A while ago, I wrote about my husband’s great-grandfather’s story about being sold at the Ohio State Fair and how he changed his name from Clark to Moore. A Clark relative reached out to us recently on Ancestry to find out more information because we had so many matching names in our trees. She was a grand-daughter to Cecil Benjamin Clark, brother to my husband’s great-grandfather, Charles Lloyd Moore. I sent her a packet of papers and pictures along with giving her links to this blog. However, in giving her links to here, I realized that I hadn’t updated my blog with the discoveries I’d make in the Clark/Moore line. So here we are with an update to tell their tale…
My mom sent me a picture of my grandma Clara Lou Peters Stewart on her wedding day recently. It reminded me that she showed me her wedding dress once when I was little. I’m not sure why she had it out specifically but it was in a big yellowing box and when she pulled it out, I remember thinking how lovely it still was and how much I’d love to wear it some day. I never did get to wear it; my first impromptu wedding dress was a bright pink dress I’d worn to homecoming and at my second wedding, I wore a black lace number.
I had been thinking for a very long time about doing something with my wedding dress. Not only was a black Gothic wedding dress totally unique at the time fifteen years ago but I also had hand sewn my own black veil trimmed in the sweetest black crochet trim. It took me weeks to finish. My dress, being delicate lace, had ripped during one of our military moves and so it hung in my closet for years now staring me in the face, unable to be worn any longer but being too sentimental to toss out either.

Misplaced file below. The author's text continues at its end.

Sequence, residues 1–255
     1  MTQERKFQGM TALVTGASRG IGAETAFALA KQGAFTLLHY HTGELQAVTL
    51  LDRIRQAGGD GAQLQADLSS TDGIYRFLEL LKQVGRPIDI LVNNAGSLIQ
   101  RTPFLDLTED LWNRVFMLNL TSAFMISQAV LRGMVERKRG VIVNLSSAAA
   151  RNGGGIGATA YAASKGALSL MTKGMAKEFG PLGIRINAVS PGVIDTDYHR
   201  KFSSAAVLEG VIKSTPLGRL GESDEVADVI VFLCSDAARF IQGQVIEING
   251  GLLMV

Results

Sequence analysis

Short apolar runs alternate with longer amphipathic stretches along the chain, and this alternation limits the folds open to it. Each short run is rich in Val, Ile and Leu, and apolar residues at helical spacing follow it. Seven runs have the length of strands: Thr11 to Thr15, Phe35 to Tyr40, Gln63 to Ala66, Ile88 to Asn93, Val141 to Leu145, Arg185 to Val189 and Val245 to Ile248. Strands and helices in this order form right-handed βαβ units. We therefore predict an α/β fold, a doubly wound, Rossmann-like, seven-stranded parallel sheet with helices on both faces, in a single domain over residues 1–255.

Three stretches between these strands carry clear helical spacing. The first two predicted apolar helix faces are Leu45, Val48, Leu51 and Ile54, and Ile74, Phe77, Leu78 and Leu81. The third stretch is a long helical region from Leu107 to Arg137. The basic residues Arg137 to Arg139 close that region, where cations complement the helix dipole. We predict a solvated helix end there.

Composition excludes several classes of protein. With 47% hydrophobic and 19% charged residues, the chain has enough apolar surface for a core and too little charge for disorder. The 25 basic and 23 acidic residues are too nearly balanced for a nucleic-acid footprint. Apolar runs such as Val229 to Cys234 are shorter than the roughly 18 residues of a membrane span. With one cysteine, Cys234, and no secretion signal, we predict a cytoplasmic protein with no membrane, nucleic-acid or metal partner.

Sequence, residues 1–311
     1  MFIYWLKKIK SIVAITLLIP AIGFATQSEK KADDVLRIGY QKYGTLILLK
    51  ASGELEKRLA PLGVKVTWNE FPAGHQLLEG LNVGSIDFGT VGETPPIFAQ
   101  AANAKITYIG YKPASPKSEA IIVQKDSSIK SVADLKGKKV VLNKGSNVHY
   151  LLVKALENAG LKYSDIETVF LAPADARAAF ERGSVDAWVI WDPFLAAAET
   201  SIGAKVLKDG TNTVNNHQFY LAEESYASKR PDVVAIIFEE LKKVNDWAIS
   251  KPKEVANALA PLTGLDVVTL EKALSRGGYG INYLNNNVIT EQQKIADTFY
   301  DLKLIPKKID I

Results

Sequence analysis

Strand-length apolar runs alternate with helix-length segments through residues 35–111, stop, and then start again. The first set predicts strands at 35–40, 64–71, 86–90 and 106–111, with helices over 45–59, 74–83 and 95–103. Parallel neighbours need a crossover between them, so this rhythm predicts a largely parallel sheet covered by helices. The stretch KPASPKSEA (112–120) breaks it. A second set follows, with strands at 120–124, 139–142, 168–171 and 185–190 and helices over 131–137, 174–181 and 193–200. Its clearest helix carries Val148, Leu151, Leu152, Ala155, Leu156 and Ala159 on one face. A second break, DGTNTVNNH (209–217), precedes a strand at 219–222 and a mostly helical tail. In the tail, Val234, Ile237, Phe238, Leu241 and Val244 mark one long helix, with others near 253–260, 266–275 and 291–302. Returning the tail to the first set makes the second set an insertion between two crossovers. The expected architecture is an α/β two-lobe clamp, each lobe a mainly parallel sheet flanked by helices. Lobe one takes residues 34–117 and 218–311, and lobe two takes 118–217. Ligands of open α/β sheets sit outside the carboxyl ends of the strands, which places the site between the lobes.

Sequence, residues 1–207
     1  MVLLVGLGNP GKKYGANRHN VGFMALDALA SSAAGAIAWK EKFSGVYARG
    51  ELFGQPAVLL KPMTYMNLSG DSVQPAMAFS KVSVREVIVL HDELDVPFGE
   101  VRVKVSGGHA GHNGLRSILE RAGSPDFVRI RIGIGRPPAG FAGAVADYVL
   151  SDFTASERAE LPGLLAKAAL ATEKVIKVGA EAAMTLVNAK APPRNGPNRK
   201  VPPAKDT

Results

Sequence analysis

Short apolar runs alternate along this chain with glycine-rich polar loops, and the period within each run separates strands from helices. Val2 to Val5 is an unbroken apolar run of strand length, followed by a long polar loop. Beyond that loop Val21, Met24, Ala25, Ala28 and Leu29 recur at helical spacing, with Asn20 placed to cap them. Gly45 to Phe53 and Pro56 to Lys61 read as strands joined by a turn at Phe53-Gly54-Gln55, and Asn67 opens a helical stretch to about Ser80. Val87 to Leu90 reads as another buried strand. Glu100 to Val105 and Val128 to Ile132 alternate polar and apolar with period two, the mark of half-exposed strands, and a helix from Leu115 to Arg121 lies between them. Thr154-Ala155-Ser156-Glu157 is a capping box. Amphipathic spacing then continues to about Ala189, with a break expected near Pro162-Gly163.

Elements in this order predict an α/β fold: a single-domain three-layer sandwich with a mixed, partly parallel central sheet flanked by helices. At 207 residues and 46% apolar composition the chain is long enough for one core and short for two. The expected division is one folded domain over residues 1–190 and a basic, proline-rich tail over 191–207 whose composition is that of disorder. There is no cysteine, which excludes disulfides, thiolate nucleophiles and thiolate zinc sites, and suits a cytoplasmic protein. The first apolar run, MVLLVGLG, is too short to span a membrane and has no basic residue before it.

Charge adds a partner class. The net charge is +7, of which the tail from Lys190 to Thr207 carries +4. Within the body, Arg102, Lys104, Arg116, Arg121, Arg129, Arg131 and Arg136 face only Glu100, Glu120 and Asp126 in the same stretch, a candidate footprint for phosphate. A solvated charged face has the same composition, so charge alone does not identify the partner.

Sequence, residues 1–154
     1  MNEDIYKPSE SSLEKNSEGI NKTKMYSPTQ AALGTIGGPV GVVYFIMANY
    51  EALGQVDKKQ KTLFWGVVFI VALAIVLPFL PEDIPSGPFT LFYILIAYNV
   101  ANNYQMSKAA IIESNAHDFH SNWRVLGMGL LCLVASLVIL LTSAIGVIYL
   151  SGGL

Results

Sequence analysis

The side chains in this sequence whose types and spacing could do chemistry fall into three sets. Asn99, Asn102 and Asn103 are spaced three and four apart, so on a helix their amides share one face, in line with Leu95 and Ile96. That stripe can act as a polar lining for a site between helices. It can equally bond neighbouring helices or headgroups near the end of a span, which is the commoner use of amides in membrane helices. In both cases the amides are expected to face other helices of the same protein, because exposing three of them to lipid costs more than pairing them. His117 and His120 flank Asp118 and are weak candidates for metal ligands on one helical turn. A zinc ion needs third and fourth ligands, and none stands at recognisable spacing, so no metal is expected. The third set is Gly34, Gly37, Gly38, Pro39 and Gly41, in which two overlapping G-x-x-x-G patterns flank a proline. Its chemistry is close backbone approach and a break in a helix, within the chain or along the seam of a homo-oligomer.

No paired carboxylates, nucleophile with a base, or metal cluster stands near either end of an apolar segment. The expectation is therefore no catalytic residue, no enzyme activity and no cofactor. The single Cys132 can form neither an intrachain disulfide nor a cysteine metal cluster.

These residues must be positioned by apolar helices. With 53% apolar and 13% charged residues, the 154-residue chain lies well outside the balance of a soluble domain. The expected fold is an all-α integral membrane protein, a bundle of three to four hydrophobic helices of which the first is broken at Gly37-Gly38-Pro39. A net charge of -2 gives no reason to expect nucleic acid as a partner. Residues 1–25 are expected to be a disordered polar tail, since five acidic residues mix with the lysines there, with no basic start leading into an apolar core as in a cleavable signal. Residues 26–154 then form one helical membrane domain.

Flowers and weddings have been on my mind quite a lot here lately. My daughter is in the midst of finalizing her wedding details for October and my own anniversary passed just last week. Fifteen years ago, I carried the most beautiful bouquet of white roses at my wedding. Today, even though the preservation process made them a creamy, near pink color, they hang on my wall in a special preservation “bubble” frame where I admire them every day when I walk by. They serve as a wonderful, constant reminder of my wedding day.
Awhile ago I wrote about the story in my husband’s family about their one great grandfather being “sold” at the Ohio State Fair to a farmer down near the southern Ohio border. Turns out, that this very thing, however unbelievable and far fetched, is absolutely, 100% true.
I reached out on a whim to the Ohio State Fair administration office and they answered within 24 hours. The Ohio State Fair has a historian named C. LaVon Shook and he wrote a book entitled A History of the Ohio State Fair in which he documents the Children’s Home Society offering “on the spot” adoptions of children. There was even an article in the Columbus Dispatch! (see below!)
I need some advice from long time genealogists out there with an exceptionally “odd” set of circumstances that I’m investigating and I’ve hit a weird roadblock and have no idea where to proceed from here. We all have strange tales we come across in our genealogy hunts but this one is particularly twisty and difficult to investigate. So I’m calling on you all for help, guidance and advice.
There has been a long standing story in my husband’s family that they were actually “Clarks” instead of Moores but he didn’t have any real verification of this. When I began doing his tree, this was of course, one of the first things I looked into just to see if he was right. He was, must to my surprise!